Aurones are the essential plant secondary metabolites of biologically stimulating natural products and are widely distributed in the flowers and fruits of various plants species. In addition to plant sources, aurones are also distributed in certain brown algae, bryophytes and gymnosperms class species [17,18][17][18]. Indeed, aurones occur in minute concentrations in natural sources and are therefore described as minor flavonoids that are not yet well explored. Principally, aurones act as a coloring agent, giving bright and attractive colors to flowers such as cosmos, snapdragons and some ornamental plants, etc. Therefore, aurones also play an important role in pollination, which gives them an essential role in crop production from an agricultural point of view [19]. Aurones are distributed in a limited number of genera, such as Asteraceae, Anacardiaceae, Cactaceae, Cyperaceae, Fabaceae, Gesneriaceae, Oxalidaceae, Moraceae, Plumbaginaceae, Rhamnaceae, Rosaceae, Rubiaceae and Scrophulariaceae, etc. [18,20][18][20]. Also, depending on their taxonomic importance in the plant kingdom, aurones may have various skeletal substitution patterns, as shown in Figure 2. Principally, aurones can be classified as 4-hydroxyaurones, 4-deoxyaurones, penylated aurones, glycosylated aurones, epimeric mixtures (aurones in bimers or trimers), etc. Interestingly, the Asteraceae species is rich in 4-deoxyaurones, for instance Sulfuretin, Sulfurein, Maritimetin, Maritimein, Leptosidin and Leptosin, etc. [18,21][18][21]. In addition, the flowers of the Asteraceae species are rich in aurone glycosides such as di-glucosides and acetylated aurone glucosides. In particular, the aurones isolated from the sunflower family or the Bidens genus interestingly showed hydroxylation in the 6-position (ring A) and the 3- and 4-positions (in ring B), but not in the 4-position of the aurone skeleton [20]. Moreover, the Moraceae species was rich in structurally distinct auronols, prenylated and geranylated aurones [22]. Interestingly, various aurone dimers such as flavanone-auronol, isoflavanone-auronol, deoxyauronol-auronol, auronol-auronol (biauronols) and other epimeric mixtures from the plant species Anacardiaceae and Rhamnaceae have also been reported [20]. Moreover, the 4-, 6-hydroxyl substitutions in the ring-A and the 4′, 3′-hydroxyl substitutions in the ring-B of aroune are most common and are related with the biosynthetic pathways. However, the skeletal substitutions of aurones depended on the biochemical reactions connected in the biosynthesis of aurones [23], which might vary by family and tropical subcontinent depending on seasonal temperatures.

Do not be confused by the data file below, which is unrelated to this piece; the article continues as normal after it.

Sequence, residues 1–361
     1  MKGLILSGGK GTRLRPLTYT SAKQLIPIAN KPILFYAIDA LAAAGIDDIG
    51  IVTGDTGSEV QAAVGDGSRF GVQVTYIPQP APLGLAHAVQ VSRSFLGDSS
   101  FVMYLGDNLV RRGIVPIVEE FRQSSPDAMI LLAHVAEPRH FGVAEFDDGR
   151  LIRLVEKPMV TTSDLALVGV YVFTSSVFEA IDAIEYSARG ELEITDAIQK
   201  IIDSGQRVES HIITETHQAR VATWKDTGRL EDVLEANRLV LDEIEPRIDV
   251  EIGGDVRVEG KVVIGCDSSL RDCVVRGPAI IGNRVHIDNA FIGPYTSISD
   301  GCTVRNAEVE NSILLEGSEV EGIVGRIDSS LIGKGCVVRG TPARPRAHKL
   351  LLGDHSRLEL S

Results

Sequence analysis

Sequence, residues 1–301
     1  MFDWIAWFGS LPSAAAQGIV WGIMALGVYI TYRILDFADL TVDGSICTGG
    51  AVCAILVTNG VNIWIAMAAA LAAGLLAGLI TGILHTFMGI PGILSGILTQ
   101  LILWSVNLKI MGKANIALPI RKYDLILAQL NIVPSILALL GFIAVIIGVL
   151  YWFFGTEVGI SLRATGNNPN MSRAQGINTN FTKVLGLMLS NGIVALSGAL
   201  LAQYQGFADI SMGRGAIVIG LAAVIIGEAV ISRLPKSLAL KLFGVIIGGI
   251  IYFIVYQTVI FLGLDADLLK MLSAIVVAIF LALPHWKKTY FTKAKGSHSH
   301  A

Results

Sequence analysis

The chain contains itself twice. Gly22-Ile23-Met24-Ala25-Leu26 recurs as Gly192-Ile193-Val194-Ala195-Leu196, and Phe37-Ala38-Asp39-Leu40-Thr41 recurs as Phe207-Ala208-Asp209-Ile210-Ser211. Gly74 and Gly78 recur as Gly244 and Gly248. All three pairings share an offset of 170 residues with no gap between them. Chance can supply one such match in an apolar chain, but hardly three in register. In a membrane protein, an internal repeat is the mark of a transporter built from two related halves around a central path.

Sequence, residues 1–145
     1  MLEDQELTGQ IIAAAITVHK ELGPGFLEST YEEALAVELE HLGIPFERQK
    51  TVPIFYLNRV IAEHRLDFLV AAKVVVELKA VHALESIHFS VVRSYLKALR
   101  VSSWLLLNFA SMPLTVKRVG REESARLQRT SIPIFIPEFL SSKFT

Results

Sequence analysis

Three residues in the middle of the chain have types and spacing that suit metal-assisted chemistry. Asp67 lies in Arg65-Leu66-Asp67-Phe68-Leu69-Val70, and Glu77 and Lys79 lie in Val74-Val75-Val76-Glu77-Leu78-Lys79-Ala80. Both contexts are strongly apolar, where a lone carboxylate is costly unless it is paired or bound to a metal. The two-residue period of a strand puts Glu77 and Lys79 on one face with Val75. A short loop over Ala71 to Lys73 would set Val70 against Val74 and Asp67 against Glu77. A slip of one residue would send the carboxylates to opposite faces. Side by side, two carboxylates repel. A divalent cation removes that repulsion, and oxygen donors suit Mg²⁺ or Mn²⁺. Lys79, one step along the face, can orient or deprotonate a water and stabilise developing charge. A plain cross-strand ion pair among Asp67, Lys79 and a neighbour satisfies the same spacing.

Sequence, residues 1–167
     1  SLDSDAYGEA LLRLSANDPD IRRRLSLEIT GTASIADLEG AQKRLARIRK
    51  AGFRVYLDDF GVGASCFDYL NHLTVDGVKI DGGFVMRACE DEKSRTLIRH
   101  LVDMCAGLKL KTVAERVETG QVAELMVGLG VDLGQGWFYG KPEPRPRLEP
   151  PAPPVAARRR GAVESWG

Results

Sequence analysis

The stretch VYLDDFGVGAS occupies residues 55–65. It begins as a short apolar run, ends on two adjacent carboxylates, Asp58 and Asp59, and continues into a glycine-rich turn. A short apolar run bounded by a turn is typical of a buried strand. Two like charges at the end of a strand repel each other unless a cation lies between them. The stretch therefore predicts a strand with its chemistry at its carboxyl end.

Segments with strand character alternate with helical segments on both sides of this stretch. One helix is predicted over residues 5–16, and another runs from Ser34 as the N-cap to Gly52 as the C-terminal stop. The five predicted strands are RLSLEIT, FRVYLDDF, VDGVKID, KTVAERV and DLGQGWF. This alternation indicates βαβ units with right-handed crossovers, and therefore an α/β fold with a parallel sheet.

Figure 2. Common numbering of aurone rings and some interesting natural examples. Pink color represents benzofuran moiety and blue color represents benzylidene moiety.

3. Biosynthesis of Aurones

The occurrences of secondary metabolites, for example, polyphenols, alkaloids, terpenoids, steroids, polyketides, and so on are common in the plant kingdom. In particular, secondary metabolites which are produced in plants have diverse functions such as photoprotection, enzyme modulation, defense against pathogen invasion, reproductive persistence, symbiosis and other growth-regulating defenses mechanisms. However, polyphenols represent the largest family of plant secondary metabolites formed via biogenesis pathways and are generally involved in protection against disease mechanisms and photoprotection. The biosynthesis or biogenesis of aurones in plant kingdom can be comprehensively classified into two steps: the primary step involves the synthesis of 2′-hydroxychalcones from coumaryl-CoA, and the second step involves hydroxylation and oxidative cyclization of hydroxychalcones [24,25,26][24][25][26]. The biogenesis of chalcones was catalyzed by chalcone synthase (CHS) via the reaction between the acetate and shikimic acid, which has been well described in several reports [27,28][27][28]. Therefore, this part discusses the biosynthesis of aurones from chalcones in the following mechanisms as described in Figure 3. Principally, aurone biosynthesis was catalyzed by two important enzymes such as chalcone hydroxylase (CHH) and aurone synthase (AUS) [24,25][24][25]. The homolog of plant polyphenol oxidase (PPO), chalcone 3-hydroxylase (CH3H) enzyme, catalyzes the addition of hydroxyl groups to the ortho-position to the existing hydroxyl group on ring-B, through oxidation prototyping [21]. Likewise, the second enzyme aurone synthase (AUS) plays a crucial role in the cyclization to form benzofuran skeleton [25], while the other enzyme chalcone 4′-glucosyl transferase (C4′GT) effectively catalyzes in the formation of glycosylated aurones in the plant kingdom. Therefore, the PPO plays a key role in the oxidation and existence of diverse substitutional pattern of aurones in plant sources.
Figure 3. The biosynthetic approach of aurones from chalcones. Pink color represents benzofuran moiety and blue color represents benzylidene moiety.